A Calgary-based charter rights advocacy group says it will launch a legal challenge against the government of Quebec regarding its plan to impose a “health tax” on residents who refuse to be vaccinated against COVID-19.
On Jan. 11, Quebec Premier Francois Legault said a “significant” financial penalty will be imposed as a tax for those who refuse the vaccine. He didn’t reveal how much the penalty will be or when it will be implemented, but said later in the week that a bill to impose the measure will be put forth to the province’s legislature in February for a vote.
The Justice Centre for Constitutional Freedoms announced that it will take legal action against the province in a statement issued Thursday.
“The proposed Quebec ‘health tax’ is an egregious violation of the Charter rights of Quebecers and an affront to equality which Canada was, in times past, known for,” the Justice Centre’s president John Carpay said.
“This is a blatant attack on a minority of society. Historically, persecution of a minority through taxation has paved the way for further and worse measures. We will fight this discriminatory and unscientific tax in court and defend the right to bodily autonomy of Quebecers and all Canadians. This injustice has no place in Canada.”
In May 2021, Legault said he would gradually lift restrictions and return to normalcy if 75 percent of adult Quebecers were vaccinated.
Currently, the province has exceeded that goal, with 85 percent of eligible residents receiving at least one shot, and 78 percent fully vaccinated with two required doses.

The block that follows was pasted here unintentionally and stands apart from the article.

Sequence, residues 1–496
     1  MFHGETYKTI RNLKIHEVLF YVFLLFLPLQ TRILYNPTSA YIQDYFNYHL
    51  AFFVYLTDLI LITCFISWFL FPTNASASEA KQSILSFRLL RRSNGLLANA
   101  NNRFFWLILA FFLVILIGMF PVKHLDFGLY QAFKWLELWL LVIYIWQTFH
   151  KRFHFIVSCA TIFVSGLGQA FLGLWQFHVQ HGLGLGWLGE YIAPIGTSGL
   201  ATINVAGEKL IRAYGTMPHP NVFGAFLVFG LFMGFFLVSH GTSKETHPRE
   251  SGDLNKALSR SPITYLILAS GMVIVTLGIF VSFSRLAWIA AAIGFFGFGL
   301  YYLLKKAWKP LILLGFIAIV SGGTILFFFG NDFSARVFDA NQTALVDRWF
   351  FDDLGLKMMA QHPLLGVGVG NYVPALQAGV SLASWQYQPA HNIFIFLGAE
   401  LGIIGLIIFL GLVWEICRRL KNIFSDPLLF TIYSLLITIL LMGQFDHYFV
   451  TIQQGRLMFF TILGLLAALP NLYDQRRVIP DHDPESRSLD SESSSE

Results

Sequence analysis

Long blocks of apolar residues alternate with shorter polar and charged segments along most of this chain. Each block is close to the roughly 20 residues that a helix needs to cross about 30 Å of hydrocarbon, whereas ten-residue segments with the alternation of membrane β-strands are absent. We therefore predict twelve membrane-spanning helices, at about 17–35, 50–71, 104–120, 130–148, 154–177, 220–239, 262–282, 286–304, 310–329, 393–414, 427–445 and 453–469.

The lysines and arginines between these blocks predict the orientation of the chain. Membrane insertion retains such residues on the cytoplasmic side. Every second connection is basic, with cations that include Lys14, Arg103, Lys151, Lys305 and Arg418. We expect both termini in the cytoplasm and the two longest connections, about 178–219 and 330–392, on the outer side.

Quebec has implemented some of the strictest public health measures in North America. On Dec. 31, 2021, the province reintroduced a nightly curfew from 10:00 p.m. to 5:00 a.m., which will be lifted on Jan. 17. Quebec had previously imposed a similar curfew for five months from January to May 2021.
On Jan. 13, Legault said the province will extend its “vaccine passport” requirement to large indoor retail settings of more than 1,500 square metres, including big box stores like Canadian Tire, Wal-Mart, and Costco. Grocery stores and pharmacies are some of the exceptions, which are deemed essential.
“The announcement of a tax on those who decline the COVID injections, like the ‘vaccine passport,’ is discrimination and wrong,” Carpay said.
“Vaccines do not stop people from contracting or spreading COVID, so there is no medical or scientific justification for the financial persecution and discrimination against vaccine-free citizens.”
The Justice Centre noted that the Charter of Rights and Freedoms states that every individual has the right to “bodily autonomy,” which means a person has the “right to control his/her own bodily integrity.”
Another civil rights group, the Canadian Civil Liberties Association (CCLA), criticized Quebec’s proposal in a statement released Wednesday, saying it raises “significant equity concerns.”
“We know that some of those who remain unvaccinated are individuals who face serious barriers to accessing health care, and many have a low level of trust in the system because of negative experiences in the past,” said Cara Zwibel, director of Fundamental Freedoms and acting general counsel for the CCLA.
“This is a divisive measure that will end up punishing and alienating those who may be most in need of public health supports and services.”
A number of European countries have imposed some kind of financial burden on unvaccinated citizens. In Austria, the first nation in Europe to create such a tax, a fine of up to 3,600 euros (roughly C$5,100) will be levied on people aged 14 and over who refused to receive a vaccine every three months.
In Greece, individuals over 60 years old will incur a fine of 100 euros (C$143) if they still haven’t received a shot by Jan. 16.